Another subject I left off is sleep.  Numerous studies have shown that more good quality sleep will help with weight loss.  As we age, it becomes more and more difficult to get good quality sleep.  Often regaining the formerly lost weight brings on acid reflux and GERD, which tend to cause awakening in the middle of the night.  And once we get going again on a low-carb diet, we usually get into a little ketosis, which makes falling asleep a little more difficult yet.  There are a few things to be done.  First, the low-carb diet – even the second time around – typically gets rid of the reflux and GERD pretty quickly.  (I’ve got another post that I’ll probably put up next week about a supplement that will knock reflux on its head quickly.)  You can help with falling asleep, which is what most people are troubled with, by doing a couple of things.  First, get some low-dose sublingual melatonin tabs.  These you can dissolve under your tongue as you turn in.  It’s important that you take the melatonin right before you turn out all the lights – don’t take it and stay up and watch TV or read.  You want the room to be dark.  The pineal gland releases melatonin as a response to darkness, and its function is to help you get to sleep.  It has antioxidant properties, along with many other functions, but you will be taking it to sleep.  There is a fall off in melatonin release by the pituitary with aging, which is one of the reasons people have more difficulty sleeping as they get older.  So, try the melatonin if you’re having trouble.   The other thing you can do is to have a cup of herbal tea right before bedtime.  And sweeten the tea with either sugar or honey.  That’s right.  Real sugar.  A teaspoon of sugar is about 5 grams of carb, which won’t do a lot to hinder your weight loss, but it will be enough to shut down ketone production long enough to get you to sleep.  And if you think a teaspoon of sugar isn’t all that much, remember, it’s the total amount circulating in your blood if you have a normal blood sugar.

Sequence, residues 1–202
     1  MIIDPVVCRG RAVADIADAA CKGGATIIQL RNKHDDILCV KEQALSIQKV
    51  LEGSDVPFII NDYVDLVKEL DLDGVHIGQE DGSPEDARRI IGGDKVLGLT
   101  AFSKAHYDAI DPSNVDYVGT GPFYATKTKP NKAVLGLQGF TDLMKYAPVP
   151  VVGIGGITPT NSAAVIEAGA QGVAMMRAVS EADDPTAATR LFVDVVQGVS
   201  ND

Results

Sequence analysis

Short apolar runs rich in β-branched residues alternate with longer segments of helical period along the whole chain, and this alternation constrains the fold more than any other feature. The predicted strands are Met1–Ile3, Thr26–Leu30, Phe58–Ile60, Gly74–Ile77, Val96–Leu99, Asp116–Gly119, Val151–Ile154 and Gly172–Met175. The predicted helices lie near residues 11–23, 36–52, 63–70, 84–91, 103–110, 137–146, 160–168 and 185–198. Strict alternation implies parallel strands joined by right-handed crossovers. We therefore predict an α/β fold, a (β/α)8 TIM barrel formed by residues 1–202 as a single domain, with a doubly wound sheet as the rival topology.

Another reason people have difficulty losing as they get older is that their livers don’t function as well.  As we get older we tend to have more aches and pains, and we take more Tylenol and Advil and similar OTC medications for them.  These drugs are metabolized in the liver, and, consequently, they consume some of the liver’s capacity.  Same goes for coffee.  No one likes coffee more than I.  But when I want to pick up my weight loss after I’ve gone off the wagon for a while, I cut back on my coffee.  Why?  Because caffeine is metabolized in the liver just like the above drugs.  It also consumes some of the liver’s capacity.  I switch to decaf for a few days whenever I’m getting back on the straight and narrow.  If you can’t stomach the thought of decaf coffee (and I don’t like it, myself) drink decaf Cafe Americano.  (Here is a YouTube on how to make an Americano starring yours truly.)  There is not as much difference (at least to my palate) between decaf and regular espresso than there is between decaf and regular coffee.  Finally, as we age, we tend to drink more.  Most people drink like fish during college, then slack off.  They start to pick it back up (never to college levels, though, thank God) as they drift into middle age.  Alcohol is detoxified in the liver just like caffeine and OTC pain relievers.  All these things add up to put quite a load on the liver.  And if you’ve regainded weight, you’ve probably got some fatty accumulation in your liver and it’s not working at peak levels anyway.  All these added substances that compromise the liver even more don’t help.